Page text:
The core of the MudPIT, in its original version, is a chromatographic column packed with two different stationary phases: the first element, a strong cationic exchange (SCX) layer, separates peptides based on their affinity towards a negatively charged resin, while the second part of the column is made of silica modified with hydrophobic chains containing eighteen carbon atoms, a classical reverse phase (RP) element which separates peptides based on their polarity. In a typical MudPIT experiment, as the whole digestion mixture is loaded on the chromatograph, peptides are trapped in the SCX region of the column due to the interactions between the negatively charged resin and the positive charge on the peptides’ N-terminus and on basic aminoacids. By injecting into the chromatographic system a set of solutions containing increasing concentrations of a chemical, typically potassium chloride, the positive ions produced by the salt progressively displace the peptides from the SCX trap column, starting from the more weakly bound, so they can reach the RP element of the column, being further separated before entering the mass spectrometer for the analysis. The technique can be easily automated by programming the adequate injections sequence in the HPLC auto-sampler.

Tip: Divert the column flow to waste in the very first minutes of the run as the high salt content used to elude the peptides from the SCX could rapidly contaminate the MS ion source, progressively compromising the instrument sensitivity. Other fractionation techniques have been adopted for MudPIT, a detailed review has been published by Kislinger & Emili [1]; promising results have arisen from using RP chromatography even in the first step of the separation, but with a mobile phase buffered at an alkaline pH [2]; the authors showed that this approach outperforms the classic MudPIT, due to the better chromatographic behavior of RP compared to SCX, ending up with a higher number of identified proteins.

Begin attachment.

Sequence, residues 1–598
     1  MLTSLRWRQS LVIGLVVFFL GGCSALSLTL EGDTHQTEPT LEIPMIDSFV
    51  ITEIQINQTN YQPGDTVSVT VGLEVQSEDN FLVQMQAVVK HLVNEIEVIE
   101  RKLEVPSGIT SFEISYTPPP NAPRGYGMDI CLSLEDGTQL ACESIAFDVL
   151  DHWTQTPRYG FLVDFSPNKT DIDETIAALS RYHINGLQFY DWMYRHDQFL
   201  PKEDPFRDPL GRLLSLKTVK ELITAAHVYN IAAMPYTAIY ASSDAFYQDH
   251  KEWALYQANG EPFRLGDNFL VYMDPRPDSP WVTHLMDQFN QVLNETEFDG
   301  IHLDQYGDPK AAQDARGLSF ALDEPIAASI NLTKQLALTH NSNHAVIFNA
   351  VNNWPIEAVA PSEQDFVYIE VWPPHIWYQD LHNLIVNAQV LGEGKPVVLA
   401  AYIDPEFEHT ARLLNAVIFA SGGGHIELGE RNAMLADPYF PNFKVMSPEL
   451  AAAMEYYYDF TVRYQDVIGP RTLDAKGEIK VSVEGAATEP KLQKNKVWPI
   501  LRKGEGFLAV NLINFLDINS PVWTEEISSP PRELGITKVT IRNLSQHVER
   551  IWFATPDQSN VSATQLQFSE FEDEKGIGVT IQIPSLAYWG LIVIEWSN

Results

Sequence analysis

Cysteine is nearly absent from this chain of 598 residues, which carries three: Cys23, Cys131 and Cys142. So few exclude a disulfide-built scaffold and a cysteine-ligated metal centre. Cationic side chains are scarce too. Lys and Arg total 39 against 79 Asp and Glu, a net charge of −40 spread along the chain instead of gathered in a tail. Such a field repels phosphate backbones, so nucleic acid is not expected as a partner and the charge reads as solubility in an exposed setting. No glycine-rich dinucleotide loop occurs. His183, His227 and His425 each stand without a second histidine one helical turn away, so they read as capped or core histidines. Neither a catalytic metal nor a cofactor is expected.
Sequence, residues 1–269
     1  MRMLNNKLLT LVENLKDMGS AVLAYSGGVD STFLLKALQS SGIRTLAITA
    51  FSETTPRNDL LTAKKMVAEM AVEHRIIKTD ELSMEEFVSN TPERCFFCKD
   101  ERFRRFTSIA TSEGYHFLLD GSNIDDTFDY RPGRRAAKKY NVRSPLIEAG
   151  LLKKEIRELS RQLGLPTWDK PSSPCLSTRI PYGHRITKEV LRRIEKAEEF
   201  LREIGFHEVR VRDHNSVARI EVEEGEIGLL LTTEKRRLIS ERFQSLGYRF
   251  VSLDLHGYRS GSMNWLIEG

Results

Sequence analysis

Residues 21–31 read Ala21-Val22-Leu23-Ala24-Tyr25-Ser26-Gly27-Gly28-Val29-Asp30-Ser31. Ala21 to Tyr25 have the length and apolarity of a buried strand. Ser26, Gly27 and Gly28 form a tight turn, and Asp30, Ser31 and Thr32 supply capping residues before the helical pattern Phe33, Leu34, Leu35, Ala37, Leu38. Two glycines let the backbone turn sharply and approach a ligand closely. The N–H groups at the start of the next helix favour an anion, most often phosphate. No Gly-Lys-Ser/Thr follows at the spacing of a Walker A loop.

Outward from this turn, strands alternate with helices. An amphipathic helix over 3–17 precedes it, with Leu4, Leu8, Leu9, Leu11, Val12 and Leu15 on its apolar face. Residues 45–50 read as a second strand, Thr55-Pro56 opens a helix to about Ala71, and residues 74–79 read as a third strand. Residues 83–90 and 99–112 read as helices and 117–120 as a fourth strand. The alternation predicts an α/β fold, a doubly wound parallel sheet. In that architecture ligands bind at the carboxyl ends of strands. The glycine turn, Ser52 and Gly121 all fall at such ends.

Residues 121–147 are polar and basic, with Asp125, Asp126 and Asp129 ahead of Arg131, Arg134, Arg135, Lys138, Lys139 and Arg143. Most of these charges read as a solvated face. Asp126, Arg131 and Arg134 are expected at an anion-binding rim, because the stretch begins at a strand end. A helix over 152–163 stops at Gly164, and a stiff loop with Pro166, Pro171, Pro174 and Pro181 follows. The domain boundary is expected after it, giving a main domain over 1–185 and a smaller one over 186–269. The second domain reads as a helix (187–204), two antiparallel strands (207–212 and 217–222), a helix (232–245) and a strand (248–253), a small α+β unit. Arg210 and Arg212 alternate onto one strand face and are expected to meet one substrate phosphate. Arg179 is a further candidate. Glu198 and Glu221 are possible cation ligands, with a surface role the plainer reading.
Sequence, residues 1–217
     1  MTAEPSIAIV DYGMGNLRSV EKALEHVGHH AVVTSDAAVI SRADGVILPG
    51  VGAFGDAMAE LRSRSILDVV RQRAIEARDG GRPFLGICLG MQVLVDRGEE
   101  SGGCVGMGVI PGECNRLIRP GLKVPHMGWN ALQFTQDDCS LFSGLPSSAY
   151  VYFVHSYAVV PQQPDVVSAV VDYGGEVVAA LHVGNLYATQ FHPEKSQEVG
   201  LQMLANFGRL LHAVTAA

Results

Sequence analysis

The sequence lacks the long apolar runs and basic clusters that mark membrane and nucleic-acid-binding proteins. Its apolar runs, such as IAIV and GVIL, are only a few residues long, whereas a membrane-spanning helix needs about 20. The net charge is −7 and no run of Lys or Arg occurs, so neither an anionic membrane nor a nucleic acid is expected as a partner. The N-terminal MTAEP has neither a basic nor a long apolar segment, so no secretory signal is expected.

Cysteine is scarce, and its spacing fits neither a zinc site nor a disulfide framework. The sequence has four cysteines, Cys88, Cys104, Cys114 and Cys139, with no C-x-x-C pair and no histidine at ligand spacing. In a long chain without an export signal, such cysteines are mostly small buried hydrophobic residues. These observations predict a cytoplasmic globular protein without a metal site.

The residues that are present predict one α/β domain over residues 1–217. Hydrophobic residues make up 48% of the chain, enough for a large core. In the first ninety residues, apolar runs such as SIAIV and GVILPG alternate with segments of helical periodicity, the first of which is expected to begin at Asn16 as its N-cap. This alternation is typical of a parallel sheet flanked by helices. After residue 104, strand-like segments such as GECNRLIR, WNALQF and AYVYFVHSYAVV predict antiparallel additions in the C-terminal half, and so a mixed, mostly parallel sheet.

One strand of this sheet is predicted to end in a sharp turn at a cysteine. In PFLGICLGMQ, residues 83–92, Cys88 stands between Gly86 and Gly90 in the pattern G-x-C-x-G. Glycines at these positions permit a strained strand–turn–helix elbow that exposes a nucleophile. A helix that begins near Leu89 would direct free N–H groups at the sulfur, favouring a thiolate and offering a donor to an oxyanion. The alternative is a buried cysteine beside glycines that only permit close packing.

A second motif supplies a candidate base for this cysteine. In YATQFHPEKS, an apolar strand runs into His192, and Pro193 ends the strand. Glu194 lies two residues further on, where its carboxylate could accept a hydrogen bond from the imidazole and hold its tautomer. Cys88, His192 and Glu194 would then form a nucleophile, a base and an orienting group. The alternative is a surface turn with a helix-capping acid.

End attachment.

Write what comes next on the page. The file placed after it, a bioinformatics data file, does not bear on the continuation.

As a further step forward, an “advanced MudPIT”, exploiting a heated column block to raise the elution temperature, coupled with a high performance mass spectrometer provided a significant coverage of two model bacterial proteomes, identifying thousands of proteins in a significantly lower amount of time [3].

In GeLCMS, intact proteins are initially separated according to their molecular weight exploiting Sodium Dodecyl Sulfate PolyAcrylamide Gel Electrophoresis (SDS-PAGE). With this technique, the proteins surrounded by a detergent (SDS) lose their native charge; thus, their extent of migration in an electric field depends only on their molecular size: the smaller the protein the faster it moves into the narrow grid of the polyacrylamide gel. A gradient of cross-linked polyacrylamide along the gel length together with fine-tuning of the elution buffer composition will yield better resolution of proteins.

Tip: In order to get reproducible migration pattern, especially for gradient gels, and reduce keratin contamination from the operator skin/hair which is inevitably incorporated in “home-made” gels and could suppress the signal of valuable peptides, it is recommended to use pre-cast gels. At the end of the electrophoretic run, the whole lane is cut into smaller bands, usually ranging from 10 to 40; each band then undergoes tryptic digestion (for a general protocol, refer to [4]). The length of the fractions can be tailored according to the lane migration pattern: pale colored zones can be kept together while densely populated regions should be kept apart. After extracting the peptides from the gel, each fraction is further separated by RP chromatography before being analyzed by MS. A simple protocol of this multidimensional separation technique has been published by Lundby & Olsen [5].

GeLCMS has been recently adopted for an in-depth characterization of the proteome of the chicken egg white; this substrate has an important role in nutrition science and industry; thanks to GeLCMS, the authors were able to detect proteins which had never been reported so far. Furthermore, this study proved that modern MS instrumentation coupled with proper fractionation strategy can analyze in depth proteins even in a complex matrix without the use of, for instance, enrichment tools which could bias the quantification process [6].